PKM: You started a music journalism career pretty young and coined the term T.Rextasy which is very fitting for T.Rex. Did you feel writing came naturally? Were you a voracious reader or was it just from being drawn to the music? 

BP Fallon: Music is the fuel to my boogaloo. I was asked to write because as a 17-year-old schoolboy in Dublin, I was on TV every week, talking about music. So initially I was asked to write because of my profile. The word ‘T.Rextasy’ came to me when I was working with T.Rex, being mental guru. We needed the magic word, like ‘Beatlemania’ is perfect because it tells you exactly what’s happening. ‘T.Rextasy’ told the story in one word, they were the biggest thing to happen in British pop’n’roll since The Beatles.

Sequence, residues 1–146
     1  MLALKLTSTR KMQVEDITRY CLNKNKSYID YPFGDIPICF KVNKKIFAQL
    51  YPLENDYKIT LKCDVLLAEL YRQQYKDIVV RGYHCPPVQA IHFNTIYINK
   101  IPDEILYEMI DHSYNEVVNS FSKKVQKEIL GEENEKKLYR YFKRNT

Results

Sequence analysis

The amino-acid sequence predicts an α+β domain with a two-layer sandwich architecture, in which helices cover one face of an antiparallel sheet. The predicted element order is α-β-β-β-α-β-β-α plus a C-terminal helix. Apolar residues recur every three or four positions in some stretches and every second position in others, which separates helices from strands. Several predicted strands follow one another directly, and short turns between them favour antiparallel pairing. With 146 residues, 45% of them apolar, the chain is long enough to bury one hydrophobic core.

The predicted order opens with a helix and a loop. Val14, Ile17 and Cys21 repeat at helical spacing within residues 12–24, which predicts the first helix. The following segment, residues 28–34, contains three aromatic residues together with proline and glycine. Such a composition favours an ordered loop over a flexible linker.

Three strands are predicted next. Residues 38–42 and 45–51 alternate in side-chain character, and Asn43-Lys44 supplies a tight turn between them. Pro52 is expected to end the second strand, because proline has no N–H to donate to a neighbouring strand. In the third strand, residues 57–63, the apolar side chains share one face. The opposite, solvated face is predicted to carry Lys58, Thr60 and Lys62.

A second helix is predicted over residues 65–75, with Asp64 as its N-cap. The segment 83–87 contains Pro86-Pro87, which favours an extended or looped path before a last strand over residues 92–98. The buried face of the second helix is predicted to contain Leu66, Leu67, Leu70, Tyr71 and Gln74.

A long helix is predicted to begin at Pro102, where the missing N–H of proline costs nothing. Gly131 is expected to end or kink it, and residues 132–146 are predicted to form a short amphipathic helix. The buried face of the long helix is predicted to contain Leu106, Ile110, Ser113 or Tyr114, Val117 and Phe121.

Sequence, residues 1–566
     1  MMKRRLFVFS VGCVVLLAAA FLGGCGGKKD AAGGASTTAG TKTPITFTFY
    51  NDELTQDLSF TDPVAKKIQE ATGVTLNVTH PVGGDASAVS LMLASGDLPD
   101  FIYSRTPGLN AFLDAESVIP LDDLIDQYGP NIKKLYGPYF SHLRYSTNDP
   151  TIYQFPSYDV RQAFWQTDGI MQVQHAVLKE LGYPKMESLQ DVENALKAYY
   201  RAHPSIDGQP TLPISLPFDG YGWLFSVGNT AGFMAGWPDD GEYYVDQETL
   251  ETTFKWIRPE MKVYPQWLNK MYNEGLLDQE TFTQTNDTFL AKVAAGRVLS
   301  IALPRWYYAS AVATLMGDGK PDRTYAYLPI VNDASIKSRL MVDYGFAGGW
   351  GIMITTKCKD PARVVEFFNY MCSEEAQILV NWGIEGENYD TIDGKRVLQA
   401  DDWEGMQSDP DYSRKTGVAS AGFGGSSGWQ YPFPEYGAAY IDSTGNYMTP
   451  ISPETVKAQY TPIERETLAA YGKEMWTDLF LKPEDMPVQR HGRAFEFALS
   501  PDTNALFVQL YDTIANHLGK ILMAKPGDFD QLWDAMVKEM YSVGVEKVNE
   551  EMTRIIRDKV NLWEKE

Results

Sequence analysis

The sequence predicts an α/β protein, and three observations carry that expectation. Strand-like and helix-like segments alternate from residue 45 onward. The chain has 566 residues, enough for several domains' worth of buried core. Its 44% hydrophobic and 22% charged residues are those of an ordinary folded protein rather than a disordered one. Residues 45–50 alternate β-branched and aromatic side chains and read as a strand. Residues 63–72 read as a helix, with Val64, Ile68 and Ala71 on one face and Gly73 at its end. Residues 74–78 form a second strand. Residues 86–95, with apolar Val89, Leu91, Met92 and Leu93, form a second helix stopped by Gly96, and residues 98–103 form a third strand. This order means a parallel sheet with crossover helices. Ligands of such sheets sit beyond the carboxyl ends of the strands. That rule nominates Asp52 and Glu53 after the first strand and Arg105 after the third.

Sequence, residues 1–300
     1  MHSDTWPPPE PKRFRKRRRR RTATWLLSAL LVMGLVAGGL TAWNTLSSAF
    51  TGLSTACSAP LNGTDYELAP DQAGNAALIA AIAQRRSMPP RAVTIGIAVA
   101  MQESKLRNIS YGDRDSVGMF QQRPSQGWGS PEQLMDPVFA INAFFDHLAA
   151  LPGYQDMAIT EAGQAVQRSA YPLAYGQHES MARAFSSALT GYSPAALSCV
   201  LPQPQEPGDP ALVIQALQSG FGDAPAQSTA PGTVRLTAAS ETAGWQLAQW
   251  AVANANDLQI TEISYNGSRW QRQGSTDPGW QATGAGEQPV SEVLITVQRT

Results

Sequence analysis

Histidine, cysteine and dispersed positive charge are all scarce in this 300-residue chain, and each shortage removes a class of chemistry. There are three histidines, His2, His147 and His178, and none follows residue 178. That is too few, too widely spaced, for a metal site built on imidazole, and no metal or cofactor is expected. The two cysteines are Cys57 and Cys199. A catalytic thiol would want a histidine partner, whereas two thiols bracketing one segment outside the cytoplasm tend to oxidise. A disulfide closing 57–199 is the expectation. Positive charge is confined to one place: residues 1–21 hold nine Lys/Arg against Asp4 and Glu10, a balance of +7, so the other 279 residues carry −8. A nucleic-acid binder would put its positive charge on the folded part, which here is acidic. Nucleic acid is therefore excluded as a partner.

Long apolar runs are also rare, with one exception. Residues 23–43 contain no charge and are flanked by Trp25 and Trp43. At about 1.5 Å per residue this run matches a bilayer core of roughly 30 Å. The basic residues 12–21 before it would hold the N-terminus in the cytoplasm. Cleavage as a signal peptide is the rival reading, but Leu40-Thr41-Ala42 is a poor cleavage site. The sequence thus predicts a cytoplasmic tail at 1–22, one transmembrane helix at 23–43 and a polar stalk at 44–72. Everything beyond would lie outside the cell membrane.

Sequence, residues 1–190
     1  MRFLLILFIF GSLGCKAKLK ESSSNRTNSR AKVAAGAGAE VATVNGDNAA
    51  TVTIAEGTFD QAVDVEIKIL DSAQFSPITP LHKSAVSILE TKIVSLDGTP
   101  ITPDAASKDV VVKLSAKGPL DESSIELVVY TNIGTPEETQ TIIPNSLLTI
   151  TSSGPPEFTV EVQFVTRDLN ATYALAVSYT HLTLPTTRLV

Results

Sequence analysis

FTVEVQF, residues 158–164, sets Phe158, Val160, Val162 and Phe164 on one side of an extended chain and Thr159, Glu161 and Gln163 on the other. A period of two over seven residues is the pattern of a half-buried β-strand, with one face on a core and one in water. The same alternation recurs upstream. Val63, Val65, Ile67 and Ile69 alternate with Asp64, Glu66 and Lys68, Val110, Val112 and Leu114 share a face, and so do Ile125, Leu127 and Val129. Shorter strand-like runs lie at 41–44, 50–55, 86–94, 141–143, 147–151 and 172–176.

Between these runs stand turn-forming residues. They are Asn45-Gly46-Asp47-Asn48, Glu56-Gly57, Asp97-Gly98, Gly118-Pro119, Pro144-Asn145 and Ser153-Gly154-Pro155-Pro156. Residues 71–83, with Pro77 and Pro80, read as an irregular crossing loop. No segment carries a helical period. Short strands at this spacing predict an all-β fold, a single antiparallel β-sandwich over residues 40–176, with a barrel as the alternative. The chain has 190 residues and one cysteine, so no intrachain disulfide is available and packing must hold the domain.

Marc Bolan & BP Fallon, London 1970. Photo by Barrie Wentzell/Melody Maker
Marc Bolan & BP Fallon, London 1970. Photo by Barrie Wentzell/Melody Maker

PKM: I love your spoken word style song/tribute to your friend Henry McCullough that came out on Record Store Day with Noel Gallagher on guitar. Are you mainly a singer these days or do you play any other instruments in your music? 

BP Fallon: Yes, vocals – although on the next record I do twang guitar on one cut and I play Hammond and Vox Continental organs but it’s all one-finger stuff. 

PKM: If you could play music with anyone living or dead, who would you choose?